By Rajat Ghai:
Note: This article was originally published on Down To Earth.
As the controversy over whether ‘Tiger of Mysore’ Tipu Sultan was an Islamic iconoclast, or a secular nationalist, rages on in India, it is time for us to reflect on a different side of the man—that of an able ruler and visionary who revolutionised the economy of his kingdom, improving the lives of millions of his subjects. Among the many contributions of Tipu, one in particular stands out. The sultan laid the foundations of the silk industry in Karnataka, especially in the southern part of the state.
Although the exact date is not known, Tipu’s and Mysore’s tryst with silk began in the early 1780s when he received an ambassador from the Qing dynasty-ruled China at his court. The ambassador presented him with a silk cloth. The sultan was said to be so enchanted by the item that he resolved to introduce its production in his kingdom.
Simon Charsley, professor at University of Glasgow and author of the book ‘Culture And Sericulture’, notes that to establish the silk industry, Tipu issued one of his first orders to his agent stationed in Muscat, the great Arab trading port on the Gulf of Oman. It went thus: “To Mir Kâzim, Dâroga at Muscat, April 24, 1786. Get the Dullâl (broker) to write to his agents in different places, to collect silkworms, and persons acquainted with the manner of rearing them, and (having procured them) let them be dispatched to us.”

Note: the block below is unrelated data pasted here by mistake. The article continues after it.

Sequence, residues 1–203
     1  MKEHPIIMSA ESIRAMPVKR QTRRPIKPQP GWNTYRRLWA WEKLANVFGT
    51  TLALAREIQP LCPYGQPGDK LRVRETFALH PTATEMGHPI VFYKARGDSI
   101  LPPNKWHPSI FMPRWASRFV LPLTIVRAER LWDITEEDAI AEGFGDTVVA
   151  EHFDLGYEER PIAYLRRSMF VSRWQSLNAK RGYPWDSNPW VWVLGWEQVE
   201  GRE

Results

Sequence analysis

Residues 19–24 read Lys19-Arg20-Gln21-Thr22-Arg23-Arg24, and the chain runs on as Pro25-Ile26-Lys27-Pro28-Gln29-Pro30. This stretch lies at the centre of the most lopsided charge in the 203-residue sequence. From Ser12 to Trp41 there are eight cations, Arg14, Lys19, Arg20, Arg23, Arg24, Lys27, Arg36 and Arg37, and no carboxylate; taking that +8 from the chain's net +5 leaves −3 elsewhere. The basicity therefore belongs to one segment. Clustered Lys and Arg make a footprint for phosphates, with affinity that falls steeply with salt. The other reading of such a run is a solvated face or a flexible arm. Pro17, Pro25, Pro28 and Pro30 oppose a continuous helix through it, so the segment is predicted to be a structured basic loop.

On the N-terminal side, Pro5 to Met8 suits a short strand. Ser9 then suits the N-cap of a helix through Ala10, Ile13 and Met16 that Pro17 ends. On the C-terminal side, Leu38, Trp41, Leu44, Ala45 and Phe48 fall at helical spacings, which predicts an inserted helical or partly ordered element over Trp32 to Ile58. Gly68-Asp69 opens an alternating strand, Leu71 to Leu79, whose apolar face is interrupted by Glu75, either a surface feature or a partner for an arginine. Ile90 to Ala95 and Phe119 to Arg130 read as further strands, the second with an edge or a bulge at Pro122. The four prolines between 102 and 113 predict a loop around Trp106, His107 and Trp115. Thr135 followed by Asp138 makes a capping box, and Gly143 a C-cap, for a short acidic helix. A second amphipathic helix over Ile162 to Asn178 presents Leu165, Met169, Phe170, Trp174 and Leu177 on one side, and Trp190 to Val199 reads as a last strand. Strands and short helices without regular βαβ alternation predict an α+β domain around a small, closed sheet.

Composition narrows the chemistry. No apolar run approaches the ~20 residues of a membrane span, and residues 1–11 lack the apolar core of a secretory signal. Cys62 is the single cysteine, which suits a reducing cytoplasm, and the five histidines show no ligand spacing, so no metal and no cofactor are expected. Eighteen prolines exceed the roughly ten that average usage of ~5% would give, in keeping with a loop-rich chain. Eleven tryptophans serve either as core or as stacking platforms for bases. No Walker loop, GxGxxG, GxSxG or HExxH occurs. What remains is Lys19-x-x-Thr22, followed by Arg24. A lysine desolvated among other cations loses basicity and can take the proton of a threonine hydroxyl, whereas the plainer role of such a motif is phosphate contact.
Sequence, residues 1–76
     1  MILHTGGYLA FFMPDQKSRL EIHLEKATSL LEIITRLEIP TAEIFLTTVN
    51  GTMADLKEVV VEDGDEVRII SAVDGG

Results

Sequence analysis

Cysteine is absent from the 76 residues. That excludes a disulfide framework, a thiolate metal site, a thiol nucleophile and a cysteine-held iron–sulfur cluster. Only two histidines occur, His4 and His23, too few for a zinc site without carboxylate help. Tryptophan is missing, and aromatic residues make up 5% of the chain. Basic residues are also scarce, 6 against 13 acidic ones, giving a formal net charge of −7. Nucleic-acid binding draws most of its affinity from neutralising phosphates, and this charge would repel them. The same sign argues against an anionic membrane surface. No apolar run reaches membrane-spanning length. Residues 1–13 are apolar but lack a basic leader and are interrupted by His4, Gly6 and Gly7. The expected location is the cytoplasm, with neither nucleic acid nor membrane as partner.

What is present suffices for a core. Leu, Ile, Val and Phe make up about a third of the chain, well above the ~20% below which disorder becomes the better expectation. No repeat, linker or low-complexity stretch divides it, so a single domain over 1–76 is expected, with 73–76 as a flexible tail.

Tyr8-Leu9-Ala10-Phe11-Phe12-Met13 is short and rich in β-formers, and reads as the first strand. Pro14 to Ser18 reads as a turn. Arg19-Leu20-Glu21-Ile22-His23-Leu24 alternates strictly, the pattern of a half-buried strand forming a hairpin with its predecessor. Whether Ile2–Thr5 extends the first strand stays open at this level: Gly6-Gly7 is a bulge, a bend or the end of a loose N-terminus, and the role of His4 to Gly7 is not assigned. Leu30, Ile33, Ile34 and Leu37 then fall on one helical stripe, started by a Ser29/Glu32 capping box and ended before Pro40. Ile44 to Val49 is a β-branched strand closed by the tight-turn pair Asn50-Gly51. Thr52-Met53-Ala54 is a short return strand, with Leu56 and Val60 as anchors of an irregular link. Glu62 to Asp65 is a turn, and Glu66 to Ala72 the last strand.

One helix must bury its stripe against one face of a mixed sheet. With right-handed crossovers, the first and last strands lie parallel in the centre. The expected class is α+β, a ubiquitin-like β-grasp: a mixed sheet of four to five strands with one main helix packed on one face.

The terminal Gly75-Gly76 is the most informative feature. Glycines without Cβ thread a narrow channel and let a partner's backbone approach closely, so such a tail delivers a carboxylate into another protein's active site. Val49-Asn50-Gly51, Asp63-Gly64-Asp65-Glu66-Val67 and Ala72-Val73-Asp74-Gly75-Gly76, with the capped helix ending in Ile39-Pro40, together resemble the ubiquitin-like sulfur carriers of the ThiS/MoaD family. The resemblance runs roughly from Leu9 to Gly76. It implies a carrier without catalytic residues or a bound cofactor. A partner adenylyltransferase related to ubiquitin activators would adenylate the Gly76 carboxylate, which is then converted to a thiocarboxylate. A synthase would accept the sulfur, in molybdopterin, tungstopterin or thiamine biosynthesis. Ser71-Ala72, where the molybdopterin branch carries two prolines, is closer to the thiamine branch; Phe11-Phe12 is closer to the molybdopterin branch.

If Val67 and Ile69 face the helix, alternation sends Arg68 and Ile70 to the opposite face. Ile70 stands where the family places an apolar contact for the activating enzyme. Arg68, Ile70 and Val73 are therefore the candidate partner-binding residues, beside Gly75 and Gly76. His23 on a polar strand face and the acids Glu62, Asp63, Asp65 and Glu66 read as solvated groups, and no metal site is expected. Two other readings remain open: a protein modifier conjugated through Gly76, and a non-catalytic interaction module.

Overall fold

This letter (numbered CCLVIII) was found by the British among hundreds of government records after the fall of Srirangapatna at the end of the Fourth Anglo-Mysore War in 1799. The records, amounting to some 2,000 items, were put in 35 boxes and sent via Fort St. George in Madras to Calcutta, renamed as Chennai and Kolkata respectively. Among them, three relating to sericulture were identified and translated soon afterwards.
Tipu also sent two deputations, one to Bengal (which returned four years later) and the other to China (which took twelve years to return). The third (numbered CCCLXXV ) among the three letters related to sericulture sheds light on the Bengal journey: “To Syed Mahommed, Qiledar of Seringapatam, September 27, 1786. Buhâûddeen and Kustoory Runga, who were sent (some time since) to Bengal, for the purpose of procuring silkworms, are now on their return (to Seringapatam), by way of Sedhout. On their arrival, you must ascertain from them the proper situation in which to keep the aforesaid worms, and provide accordingly. You must, moreover, supply for their food (leaves of) the wood or wild mulberry trees, which were formerly ordered to be planted (for this purpose). The number of silkworms brought from Bengal must likewise be distinctly reported to us. We desire, also, to know, in what kind of place it is recommended to keep them, and what means are to be pursued for multiplying them. There is a vacant spot of ground behind the old palace, lately used as a Toshkhâna, or store-house, which was purchased some time ago with a view to building upon it. Prepare a place somewhere near that situation, for the (temporary) reception of the worms.”